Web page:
The origins of our 185 immigrant ancestors are, for the most part, typical of French
Canadian family trees. Most pioneer settlers came from the north and west of France,
regions that had for centuries been involved with Atlantic seafaring and commerce.
The role of Paris was emphasized during the period 1663-1673, when the French regime
actively recruited young women -- the “King’s Daughters” -- mainly from in and around
Our family tree is distinctive in that virtually all of our immigrant ancestors arrived
before 1700, although at least one-quarter of the overall French settler population
arrived after that year, mainly as soldiers who remained in Canada following their
enlistments. But we are well represented in all of the earlier recruitment episodes
and especially in the establishment of Montréal in the 1640s and 1650s.
The above map presents the origins of the 172 ancestors for whom we have this specific
information, assigned by modern French département. Over half came from just three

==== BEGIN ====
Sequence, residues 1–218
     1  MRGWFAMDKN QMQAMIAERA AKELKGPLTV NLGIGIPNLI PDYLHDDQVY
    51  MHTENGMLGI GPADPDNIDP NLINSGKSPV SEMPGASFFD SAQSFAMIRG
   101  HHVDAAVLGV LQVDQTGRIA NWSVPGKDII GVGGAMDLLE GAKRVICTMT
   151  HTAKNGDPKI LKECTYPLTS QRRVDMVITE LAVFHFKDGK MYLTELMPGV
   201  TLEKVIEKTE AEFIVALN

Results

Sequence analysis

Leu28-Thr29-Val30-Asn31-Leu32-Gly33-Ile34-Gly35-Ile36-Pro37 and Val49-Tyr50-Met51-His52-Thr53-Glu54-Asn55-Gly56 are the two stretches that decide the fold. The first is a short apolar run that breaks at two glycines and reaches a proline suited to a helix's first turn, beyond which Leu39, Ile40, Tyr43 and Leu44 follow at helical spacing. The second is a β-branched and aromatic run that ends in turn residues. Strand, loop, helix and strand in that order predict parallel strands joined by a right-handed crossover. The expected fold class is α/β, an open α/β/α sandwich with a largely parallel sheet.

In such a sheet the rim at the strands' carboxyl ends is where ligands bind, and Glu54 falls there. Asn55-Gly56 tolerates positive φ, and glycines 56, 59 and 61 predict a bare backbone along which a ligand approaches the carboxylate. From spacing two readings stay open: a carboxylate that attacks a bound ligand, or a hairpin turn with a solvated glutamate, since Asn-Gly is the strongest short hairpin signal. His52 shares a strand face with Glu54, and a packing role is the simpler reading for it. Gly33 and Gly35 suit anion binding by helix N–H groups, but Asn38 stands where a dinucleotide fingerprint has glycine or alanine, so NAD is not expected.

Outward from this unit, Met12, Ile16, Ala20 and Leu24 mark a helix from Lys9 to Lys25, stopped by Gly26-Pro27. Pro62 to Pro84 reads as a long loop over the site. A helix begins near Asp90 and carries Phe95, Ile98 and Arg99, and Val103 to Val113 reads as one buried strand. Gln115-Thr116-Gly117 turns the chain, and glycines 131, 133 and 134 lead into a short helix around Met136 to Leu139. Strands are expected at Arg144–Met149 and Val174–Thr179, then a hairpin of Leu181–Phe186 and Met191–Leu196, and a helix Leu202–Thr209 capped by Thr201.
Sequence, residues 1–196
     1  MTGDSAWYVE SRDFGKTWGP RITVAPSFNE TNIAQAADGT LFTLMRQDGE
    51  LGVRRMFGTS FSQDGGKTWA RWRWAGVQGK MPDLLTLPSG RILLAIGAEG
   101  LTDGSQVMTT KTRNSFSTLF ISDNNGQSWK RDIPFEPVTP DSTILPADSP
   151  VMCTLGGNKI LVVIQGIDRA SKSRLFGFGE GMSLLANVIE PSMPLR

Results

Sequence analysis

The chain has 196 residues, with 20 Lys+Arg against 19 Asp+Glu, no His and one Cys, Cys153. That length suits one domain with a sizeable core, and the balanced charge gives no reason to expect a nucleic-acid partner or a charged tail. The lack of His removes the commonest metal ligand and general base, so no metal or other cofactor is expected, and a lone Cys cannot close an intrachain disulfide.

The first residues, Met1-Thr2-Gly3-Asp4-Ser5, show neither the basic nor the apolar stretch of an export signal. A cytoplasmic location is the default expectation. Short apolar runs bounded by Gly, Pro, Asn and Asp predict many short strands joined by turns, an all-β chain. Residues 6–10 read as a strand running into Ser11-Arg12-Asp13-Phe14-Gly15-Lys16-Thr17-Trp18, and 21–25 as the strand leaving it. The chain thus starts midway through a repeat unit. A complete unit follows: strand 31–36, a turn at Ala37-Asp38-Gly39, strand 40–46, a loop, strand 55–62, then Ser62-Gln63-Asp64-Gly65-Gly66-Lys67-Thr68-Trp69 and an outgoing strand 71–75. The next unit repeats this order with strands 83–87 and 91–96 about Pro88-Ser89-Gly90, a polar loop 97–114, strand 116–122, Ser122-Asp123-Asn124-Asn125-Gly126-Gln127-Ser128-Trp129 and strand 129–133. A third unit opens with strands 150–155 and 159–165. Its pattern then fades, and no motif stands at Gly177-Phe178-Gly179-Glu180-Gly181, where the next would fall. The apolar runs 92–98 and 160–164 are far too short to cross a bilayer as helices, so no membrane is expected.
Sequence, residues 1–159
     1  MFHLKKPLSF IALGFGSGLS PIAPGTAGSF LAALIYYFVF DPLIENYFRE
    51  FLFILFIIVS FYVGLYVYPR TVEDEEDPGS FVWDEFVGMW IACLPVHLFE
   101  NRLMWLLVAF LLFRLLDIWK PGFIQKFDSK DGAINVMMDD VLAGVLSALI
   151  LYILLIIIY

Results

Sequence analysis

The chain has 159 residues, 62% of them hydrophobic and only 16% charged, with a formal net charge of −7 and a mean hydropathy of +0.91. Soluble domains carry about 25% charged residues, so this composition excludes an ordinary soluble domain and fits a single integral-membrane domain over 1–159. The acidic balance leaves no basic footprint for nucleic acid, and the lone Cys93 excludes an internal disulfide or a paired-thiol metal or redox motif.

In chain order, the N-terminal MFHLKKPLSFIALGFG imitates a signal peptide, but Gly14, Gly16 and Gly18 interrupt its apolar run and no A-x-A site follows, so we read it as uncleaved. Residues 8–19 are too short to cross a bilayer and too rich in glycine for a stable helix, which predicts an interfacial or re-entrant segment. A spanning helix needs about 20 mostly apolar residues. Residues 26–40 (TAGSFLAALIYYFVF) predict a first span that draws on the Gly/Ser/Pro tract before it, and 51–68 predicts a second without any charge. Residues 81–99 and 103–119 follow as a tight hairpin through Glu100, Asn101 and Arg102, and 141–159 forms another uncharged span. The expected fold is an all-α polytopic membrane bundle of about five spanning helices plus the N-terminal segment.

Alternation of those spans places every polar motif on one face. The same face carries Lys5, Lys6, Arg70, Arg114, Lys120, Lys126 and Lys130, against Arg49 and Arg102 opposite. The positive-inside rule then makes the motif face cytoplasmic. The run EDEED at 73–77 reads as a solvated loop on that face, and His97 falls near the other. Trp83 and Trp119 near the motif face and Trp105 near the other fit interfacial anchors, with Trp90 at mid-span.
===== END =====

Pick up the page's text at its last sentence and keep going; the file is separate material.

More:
regions: Normandy, the areas around the western port of La Rochelle, and Paris. Most
of the rest originated in nearby Brittany, Poitou, and Maine. The Duval line itself
came from the village of Tonnerre in the département of Yonne -- the one on the right
half of the map with two immigrants.
As related in this family history, only two of our 185 immigrant ancestors did not
come from France: André Robidoux, born in about 1640 in Burgos, Spain, of a French
father and a Spanish mother; and Annetje Christiaansz, born in about 1676 in Schenectady,
New York, of a Dutch father and an African mother.
Origins in France of the Immigrant Ancestors of Charles and Sarah (St. Aubin) Duval